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NEW YORK (GenomeWeb News) — In a 1989 piece in Rolling Stone about "the Net" and its future impact on everyday lives, science fiction writer William Gibson avoided making any sweeping predictions. "As to what … [the Internet] will actually be able to do for you one day, my best bet is that the words for it haven't been invented yet," he offered. Today, this is as much as can be wagered about the influence genomics might have on medical advancements, the ability to predict and prevent disease, and the capability to live healthier lives.

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In PLOS this week: transcriptomic and genomic analysis of prostate cancer by ancestry, genes linked to liver function in Korean cohort, and more.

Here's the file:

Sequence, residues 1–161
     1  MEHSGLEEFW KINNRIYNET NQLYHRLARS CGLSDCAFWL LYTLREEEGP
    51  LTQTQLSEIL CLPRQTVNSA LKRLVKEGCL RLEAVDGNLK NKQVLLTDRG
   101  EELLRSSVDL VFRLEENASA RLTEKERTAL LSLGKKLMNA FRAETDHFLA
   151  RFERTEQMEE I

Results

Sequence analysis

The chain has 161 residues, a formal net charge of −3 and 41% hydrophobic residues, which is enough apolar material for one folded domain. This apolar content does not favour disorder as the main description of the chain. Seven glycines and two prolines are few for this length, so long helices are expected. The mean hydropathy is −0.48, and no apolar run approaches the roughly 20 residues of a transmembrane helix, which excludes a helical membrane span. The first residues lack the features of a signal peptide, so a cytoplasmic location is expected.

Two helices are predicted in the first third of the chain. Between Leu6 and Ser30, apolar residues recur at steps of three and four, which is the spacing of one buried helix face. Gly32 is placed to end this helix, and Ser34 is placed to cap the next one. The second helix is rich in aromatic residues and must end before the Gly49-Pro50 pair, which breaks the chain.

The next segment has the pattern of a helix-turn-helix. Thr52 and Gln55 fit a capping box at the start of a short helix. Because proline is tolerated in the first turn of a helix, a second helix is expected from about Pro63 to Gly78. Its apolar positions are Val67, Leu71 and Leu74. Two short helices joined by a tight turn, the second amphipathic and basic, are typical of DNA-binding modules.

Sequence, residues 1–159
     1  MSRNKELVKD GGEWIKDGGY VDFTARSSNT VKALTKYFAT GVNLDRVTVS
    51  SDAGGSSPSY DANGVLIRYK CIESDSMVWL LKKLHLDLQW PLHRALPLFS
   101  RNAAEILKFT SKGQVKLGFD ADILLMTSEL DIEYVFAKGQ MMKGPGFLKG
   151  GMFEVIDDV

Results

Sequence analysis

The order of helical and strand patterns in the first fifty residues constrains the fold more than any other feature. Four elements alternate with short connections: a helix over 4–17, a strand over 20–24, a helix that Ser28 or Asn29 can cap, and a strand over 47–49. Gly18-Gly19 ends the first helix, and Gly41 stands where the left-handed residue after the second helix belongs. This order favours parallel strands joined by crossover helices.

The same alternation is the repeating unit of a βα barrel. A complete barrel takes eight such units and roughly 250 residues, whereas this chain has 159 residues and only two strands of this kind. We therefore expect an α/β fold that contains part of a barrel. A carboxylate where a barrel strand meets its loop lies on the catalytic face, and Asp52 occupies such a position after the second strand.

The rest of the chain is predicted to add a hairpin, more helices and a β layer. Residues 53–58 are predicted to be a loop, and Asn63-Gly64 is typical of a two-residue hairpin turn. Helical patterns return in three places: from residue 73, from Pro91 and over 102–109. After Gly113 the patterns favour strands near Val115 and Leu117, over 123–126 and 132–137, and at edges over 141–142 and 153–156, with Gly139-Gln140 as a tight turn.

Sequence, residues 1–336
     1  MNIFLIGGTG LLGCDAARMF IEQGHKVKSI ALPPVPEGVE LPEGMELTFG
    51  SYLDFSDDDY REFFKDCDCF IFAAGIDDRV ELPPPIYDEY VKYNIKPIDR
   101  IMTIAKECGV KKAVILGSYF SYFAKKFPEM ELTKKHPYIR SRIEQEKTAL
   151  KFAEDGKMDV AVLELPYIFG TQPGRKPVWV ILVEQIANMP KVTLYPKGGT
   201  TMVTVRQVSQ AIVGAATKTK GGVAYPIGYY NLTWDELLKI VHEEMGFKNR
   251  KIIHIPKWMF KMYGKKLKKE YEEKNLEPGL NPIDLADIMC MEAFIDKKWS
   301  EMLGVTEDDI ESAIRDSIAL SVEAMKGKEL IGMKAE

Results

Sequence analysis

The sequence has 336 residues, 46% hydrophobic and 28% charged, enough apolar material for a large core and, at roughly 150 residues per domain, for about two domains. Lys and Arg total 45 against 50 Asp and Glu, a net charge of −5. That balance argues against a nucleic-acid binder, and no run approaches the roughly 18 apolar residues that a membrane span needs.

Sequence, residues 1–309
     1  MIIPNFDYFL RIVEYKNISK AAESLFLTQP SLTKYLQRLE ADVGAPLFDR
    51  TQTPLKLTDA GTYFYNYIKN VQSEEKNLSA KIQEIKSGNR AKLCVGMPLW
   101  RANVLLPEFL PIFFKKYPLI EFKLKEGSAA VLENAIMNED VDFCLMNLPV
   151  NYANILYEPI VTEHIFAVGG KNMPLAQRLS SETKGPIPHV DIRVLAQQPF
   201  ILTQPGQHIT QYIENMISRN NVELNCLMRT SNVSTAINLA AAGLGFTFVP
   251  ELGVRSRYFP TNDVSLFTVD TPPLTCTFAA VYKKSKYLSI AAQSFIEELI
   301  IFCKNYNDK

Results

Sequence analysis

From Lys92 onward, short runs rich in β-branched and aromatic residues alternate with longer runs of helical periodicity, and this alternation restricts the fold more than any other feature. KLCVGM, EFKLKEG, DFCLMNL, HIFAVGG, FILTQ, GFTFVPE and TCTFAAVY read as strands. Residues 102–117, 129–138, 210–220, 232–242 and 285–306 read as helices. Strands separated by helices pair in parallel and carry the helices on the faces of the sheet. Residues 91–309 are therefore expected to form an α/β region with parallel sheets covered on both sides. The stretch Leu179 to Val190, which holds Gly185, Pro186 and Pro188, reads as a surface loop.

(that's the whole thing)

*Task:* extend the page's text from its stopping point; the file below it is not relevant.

British Columbia is incorporating genomics into its tracking of the ongoing COVID-19 outbreak, Business in Vancouver reports.

An analysis by the Personalized Medicine Coalition finds that about a quarter of new drugs approved in 2019 by the US Food and Drug Administration were personalized medicines.

The governor of New York has proposed a five-year plan to study the genomes of people with or who are at high risk of developing Alzheimer's disease.

Mar
18
Sponsored by
Roche

This webinar will discuss data from a recent real-world comparison study evaluating performance of two cell-free DNA methodologies as first-line prenatal screens.

Mar
31
Sponsored by
Isoplexis

This webinar will discuss the application of single-cell proteomics and immune-imaging in adoptive cell therapy (ACT) for cancer.